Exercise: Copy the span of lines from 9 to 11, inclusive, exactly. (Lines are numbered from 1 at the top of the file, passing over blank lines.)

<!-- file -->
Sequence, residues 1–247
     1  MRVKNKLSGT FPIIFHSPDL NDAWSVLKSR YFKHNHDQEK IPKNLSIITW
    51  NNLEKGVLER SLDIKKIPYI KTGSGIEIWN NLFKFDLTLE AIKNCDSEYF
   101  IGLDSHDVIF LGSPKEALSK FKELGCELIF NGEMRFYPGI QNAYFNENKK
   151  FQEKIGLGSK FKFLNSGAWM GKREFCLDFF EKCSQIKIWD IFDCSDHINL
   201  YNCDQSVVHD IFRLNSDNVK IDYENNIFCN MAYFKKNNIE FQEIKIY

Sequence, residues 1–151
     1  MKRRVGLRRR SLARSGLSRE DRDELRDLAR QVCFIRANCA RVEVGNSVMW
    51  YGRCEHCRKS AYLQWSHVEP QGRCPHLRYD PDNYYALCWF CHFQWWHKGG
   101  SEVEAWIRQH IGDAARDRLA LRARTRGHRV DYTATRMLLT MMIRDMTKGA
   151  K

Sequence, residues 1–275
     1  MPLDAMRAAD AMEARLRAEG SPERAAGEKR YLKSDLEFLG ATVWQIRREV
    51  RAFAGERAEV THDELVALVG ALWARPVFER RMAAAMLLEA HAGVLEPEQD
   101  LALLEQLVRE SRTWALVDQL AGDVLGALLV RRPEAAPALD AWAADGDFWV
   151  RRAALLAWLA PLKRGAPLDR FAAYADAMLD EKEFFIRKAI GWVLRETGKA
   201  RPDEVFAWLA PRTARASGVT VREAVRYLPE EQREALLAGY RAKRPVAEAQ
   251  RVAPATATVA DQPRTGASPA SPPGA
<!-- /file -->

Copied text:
    51  YGRCEHCRKS AYLQWSHVEP QGRCPHLRYD PDNYYALCWF CHFQWWHKGG
   101  SEVEAWIRQH IGDAARDRLA LRARTRGHRV DYTATRMLLT MMIRDMTKGA
   151  K